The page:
Possible Defenses Against Credit Card Fraud Charges
When you are charged with credit card fraud in Miami, a lawyer should first review your case to determine the best strategy that will help you get the best possible outcome. Some of the most common defenses your credit card fraud lawyer in Miami might come up with include:
Lack of Intent to Defraud
If the prosecutor proves that you committed an unlawful act described in the U.S.C. 1029, but they are unable to prove that you had specific intent to defraud, you have a chance of avoiding conviction. A likely scenario is whereby you are presented with a credit or gift card as a present, but you were unaware that the card had been stolen. Your credit card fraud lawyer can prove that you did not act knowingly or willingly with the intention to defraud.
No Effect On Commerce
To be charged with credit card fraud, it must be proven that your actions were connected to commerce. Specifically, your actions must have some monetary implications on a financial institution, individual or business. Note that when you defraud a foreign business or one within a different state as your own, you are considered to have committed a federal crime and, as such, will be investigated and tried by federal agencies.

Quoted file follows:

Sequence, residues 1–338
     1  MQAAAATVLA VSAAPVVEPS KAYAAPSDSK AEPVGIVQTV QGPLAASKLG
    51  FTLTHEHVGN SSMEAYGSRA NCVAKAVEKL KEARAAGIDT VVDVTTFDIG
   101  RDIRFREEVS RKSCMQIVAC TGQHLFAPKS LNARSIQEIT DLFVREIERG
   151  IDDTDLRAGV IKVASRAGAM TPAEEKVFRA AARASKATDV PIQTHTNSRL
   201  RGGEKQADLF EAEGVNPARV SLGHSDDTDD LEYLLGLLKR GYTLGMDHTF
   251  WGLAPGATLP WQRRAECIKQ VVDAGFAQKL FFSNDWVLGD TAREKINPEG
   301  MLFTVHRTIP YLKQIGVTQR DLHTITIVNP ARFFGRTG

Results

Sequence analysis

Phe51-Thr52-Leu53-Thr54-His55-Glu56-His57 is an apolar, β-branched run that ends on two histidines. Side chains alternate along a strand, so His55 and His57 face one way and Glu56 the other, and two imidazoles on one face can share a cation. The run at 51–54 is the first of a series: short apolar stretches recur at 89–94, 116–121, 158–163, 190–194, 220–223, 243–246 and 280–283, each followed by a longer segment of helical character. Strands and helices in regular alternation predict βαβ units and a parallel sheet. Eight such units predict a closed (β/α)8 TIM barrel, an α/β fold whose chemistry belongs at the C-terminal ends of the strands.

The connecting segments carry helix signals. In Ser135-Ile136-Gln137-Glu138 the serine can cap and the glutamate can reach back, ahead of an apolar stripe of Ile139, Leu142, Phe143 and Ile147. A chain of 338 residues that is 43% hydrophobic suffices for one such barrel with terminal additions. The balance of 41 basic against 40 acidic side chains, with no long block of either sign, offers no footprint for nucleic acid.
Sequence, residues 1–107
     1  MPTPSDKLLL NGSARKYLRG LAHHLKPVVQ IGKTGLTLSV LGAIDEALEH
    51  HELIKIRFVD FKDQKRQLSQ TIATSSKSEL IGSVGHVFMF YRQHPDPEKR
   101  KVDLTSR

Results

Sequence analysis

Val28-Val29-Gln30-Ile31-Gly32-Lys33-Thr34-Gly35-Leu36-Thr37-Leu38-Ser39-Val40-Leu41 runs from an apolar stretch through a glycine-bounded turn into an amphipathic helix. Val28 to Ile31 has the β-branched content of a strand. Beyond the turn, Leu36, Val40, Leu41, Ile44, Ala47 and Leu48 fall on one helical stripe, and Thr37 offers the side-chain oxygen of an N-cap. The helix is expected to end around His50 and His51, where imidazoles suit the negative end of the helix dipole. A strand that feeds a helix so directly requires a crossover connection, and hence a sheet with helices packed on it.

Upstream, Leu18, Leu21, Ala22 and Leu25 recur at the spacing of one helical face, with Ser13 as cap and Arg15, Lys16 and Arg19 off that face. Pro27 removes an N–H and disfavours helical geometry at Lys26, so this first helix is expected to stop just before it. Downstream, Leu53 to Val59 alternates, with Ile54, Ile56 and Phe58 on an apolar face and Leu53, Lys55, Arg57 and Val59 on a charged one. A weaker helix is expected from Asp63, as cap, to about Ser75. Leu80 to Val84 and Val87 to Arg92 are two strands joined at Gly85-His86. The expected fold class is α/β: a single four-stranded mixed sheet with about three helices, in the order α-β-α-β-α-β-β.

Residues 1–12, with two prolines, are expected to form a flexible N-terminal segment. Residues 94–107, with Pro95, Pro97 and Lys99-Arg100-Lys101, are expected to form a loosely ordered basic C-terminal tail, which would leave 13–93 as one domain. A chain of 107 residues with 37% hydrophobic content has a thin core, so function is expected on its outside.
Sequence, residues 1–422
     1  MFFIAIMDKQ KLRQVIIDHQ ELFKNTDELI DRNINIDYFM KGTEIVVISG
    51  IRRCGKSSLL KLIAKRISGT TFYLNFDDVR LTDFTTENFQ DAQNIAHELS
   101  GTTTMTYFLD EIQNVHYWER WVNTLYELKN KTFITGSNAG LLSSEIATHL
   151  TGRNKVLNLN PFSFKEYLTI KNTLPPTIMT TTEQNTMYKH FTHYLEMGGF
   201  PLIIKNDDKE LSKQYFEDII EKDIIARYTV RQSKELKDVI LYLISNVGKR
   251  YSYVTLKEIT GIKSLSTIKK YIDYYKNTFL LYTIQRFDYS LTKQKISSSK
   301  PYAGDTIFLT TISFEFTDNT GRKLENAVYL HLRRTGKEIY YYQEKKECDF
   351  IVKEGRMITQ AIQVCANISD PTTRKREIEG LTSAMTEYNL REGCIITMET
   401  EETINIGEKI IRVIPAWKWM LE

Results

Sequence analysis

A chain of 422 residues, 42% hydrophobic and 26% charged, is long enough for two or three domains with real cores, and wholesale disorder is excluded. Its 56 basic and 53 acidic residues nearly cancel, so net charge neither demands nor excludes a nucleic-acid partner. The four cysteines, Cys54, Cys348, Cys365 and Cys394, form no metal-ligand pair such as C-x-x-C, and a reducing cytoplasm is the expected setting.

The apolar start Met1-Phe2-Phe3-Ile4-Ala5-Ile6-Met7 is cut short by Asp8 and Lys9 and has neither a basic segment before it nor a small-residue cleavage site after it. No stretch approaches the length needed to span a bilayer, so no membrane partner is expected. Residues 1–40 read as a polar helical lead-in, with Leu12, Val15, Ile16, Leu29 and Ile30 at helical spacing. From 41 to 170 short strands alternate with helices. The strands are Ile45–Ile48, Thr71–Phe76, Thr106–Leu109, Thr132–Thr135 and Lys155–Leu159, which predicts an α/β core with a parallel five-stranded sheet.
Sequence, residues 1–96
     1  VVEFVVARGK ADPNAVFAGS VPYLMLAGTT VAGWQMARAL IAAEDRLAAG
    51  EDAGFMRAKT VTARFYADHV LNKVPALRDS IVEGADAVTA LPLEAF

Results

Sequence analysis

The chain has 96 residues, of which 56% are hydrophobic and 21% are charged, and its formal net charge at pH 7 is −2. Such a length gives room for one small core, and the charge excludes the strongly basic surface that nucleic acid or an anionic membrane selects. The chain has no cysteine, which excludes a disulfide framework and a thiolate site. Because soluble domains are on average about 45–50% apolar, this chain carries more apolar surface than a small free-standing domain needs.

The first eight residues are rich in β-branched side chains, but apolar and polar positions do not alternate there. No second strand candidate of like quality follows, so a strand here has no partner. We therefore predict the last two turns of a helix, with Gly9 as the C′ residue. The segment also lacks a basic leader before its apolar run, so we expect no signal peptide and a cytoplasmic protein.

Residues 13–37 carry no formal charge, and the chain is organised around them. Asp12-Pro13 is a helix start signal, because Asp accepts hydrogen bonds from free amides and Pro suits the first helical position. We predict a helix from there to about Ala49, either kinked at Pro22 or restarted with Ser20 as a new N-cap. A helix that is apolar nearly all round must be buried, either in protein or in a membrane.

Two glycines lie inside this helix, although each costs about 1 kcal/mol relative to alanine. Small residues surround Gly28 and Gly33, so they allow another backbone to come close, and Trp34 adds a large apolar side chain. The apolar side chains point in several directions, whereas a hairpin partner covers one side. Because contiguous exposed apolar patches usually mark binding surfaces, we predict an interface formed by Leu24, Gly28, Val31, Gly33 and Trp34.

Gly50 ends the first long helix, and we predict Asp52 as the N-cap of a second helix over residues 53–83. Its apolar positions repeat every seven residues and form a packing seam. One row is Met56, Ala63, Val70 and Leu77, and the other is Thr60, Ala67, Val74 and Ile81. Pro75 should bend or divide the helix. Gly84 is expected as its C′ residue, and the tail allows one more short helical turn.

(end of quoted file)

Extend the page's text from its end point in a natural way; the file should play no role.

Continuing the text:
Reasonable Belief You Had Permission
Your credit card fraud lawyer in Miami might argue that there is a reasonable belief that you had the authorization to use the credit card. This defense usually applies in situations where it can be proven, for instance, that during an emergency, the primary owner of the credit card gave it to you to use.
If you are charged with credit card fraud or a similar offense, do not wait to contact an experienced credit card fraud lawyer. Note that these cases move quickly and the prospection is likely already building a case against you. As such, you cannot afford to wait before speaking to a credit card fraud lawyer in Miami. At Meltzer & Bell, we have years of experience working in criminal trials involving credit card fraud. We are dedicated to protecting our clients and make sure we have exhausted all legal avenues to ensure you get the best possible outcome. Request a consultation today and let our attorneys work with you to get the best outcome.